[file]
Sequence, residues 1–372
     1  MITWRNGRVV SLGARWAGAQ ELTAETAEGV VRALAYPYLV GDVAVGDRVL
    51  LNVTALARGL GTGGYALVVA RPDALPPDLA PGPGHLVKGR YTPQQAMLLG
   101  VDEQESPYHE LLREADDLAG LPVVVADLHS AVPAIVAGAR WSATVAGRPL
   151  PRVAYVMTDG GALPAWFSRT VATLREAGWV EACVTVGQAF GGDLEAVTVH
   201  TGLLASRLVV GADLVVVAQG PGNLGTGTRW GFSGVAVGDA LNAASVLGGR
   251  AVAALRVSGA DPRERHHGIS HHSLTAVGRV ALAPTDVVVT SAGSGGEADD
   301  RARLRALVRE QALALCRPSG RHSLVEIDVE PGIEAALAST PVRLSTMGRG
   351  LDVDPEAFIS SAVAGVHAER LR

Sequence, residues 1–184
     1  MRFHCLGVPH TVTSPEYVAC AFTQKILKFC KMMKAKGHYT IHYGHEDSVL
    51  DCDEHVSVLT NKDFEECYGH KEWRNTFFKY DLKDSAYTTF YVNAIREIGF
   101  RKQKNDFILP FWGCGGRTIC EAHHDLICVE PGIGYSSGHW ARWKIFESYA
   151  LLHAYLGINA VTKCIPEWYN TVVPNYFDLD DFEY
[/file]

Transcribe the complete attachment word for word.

Sequence, residues 1–372
     1  MITWRNGRVV SLGARWAGAQ ELTAETAEGV VRALAYPYLV GDVAVGDRVL
    51  LNVTALARGL GTGGYALVVA RPDALPPDLA PGPGHLVKGR YTPQQAMLLG
   101  VDEQESPYHE LLREADDLAG LPVVVADLHS AVPAIVAGAR WSATVAGRPL
   151  PRVAYVMTDG GALPAWFSRT VATLREAGWV EACVTVGQAF GGDLEAVTVH
   201  TGLLASRLVV GADLVVVAQG PGNLGTGTRW GFSGVAVGDA LNAASVLGGR
   251  AVAALRVSGA DPRERHHGIS HHSLTAVGRV ALAPTDVVVT SAGSGGEADD
   301  RARLRALVRE QALALCRPSG RHSLVEIDVE PGIEAALAST PVRLSTMGRG
   351  LDVDPEAFIS SAVAGVHAER LR

Sequence, residues 1–184
     1  MRFHCLGVPH TVTSPEYVAC AFTQKILKFC KMMKAKGHYT IHYGHEDSVL
    51  DCDEHVSVLT NKDFEECYGH KEWRNTFFKY DLKDSAYTTF YVNAIREIGF
   101  RKQKNDFILP FWGCGGRTIC EAHHDLICVE PGIGYSSGHW ARWKIFESYA
   151  LLHAYLGINA VTKCIPEWYN TVVPNYFDLD DFEY